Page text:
Changing currency signals new era

Katie Reimer

The moment had finally come. As the clock ticked forward to midnight on Dec. 31, 2001, people in twelve European countries anxiously waited for their new currency to become legal tender. Downtown Vienna, where I spent New Year’s Eve this year, was charged with energy, partially due to the nature of the holiday, but also because the introduction of the euro was about to mark the most significant monetary change in recorded history.

I studied abroad in Vienna last term, and it was interesting to watch Austria prepare for the transition. From the day I arrived in August, many stores and restaurants posted prices both in schillings (the old Austrian currency) and the euro. As the end of the year approached, almost everything posted both prices. I appreciated it as an American, because the value of the euro is slightly less than the dollar, so I could avoid doing the nasty 15-1 conversion in my head! Secretly, I wondered how many Viennese actually paid attention to the new prices, because many people seemed to struggle after the first of the year to figure out how much something cost. Perhaps the tendency to not pay attention until need arises is human nature.

Despite mild confusion with the new conversion rate, Vienna was generally enthusiastic about the euro. I went to the internationally broadcast New Year’s Eve concert with the Vienna Philharmonic Orchestra, and the euro symbol was boldly advertised on the stage’s backdrop. It seems that the Viennese support the new currency because it will help stabilize and unify European countries.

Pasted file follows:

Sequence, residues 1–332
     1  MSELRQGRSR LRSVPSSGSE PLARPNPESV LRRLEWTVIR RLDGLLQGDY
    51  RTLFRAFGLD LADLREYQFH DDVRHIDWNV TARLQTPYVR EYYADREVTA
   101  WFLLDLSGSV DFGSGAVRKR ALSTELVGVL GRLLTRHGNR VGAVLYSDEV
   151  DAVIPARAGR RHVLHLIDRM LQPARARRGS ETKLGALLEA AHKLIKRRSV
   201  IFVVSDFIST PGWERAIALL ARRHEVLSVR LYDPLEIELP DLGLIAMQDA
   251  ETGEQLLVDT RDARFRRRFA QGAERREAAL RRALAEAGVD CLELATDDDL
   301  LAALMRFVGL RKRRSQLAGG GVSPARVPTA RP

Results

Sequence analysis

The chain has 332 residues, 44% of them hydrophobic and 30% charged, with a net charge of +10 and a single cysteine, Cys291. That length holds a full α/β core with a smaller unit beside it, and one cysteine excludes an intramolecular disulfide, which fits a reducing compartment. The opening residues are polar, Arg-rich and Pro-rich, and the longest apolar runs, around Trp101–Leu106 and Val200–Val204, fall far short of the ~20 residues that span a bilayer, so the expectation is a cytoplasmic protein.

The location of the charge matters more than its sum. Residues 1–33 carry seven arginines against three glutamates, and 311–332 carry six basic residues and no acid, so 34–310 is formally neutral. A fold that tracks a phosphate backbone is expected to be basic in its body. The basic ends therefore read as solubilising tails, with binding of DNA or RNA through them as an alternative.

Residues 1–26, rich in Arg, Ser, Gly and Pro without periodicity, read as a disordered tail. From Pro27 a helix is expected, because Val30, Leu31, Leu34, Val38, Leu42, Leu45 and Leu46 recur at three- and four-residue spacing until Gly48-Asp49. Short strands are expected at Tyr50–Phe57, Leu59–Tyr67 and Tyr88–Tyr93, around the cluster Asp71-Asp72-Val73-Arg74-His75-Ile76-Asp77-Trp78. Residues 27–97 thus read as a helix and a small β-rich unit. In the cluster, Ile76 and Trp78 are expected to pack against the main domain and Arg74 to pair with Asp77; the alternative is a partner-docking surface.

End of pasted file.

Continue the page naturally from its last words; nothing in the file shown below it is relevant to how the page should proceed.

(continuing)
Our world is quickly becoming globalized, and economics dominate the world’s power structure. Financial unification will bring strength to the twelve nations claiming a single currency. Or at least in theory. Only time will tell how strong the euro grows to be.

However, there is legitimate concern about and resistance to the euro. European countries have a strong sense of culture, and giving up their currency feels like losing part of it. They are proud to be individualistic, and sacrificing part of their identity, even if it does benefit them, is a hard concept to embrace. This concern was addressed by allowing each country to print their own images on the backs of the coins, almost similar to the new state quarters being distributed in America today.

Europe’s reactions are hardly surprising, as the unknown always comes with a certain degree of both excitement and resistance. Despite longer lines at ATM machines and Bizzi’s Pizza Parlor, as customers waited while workers struggled with the new currency, the transition went quite smoothly in Vienna. It just takes time to get used to change, especially new change in your pocket.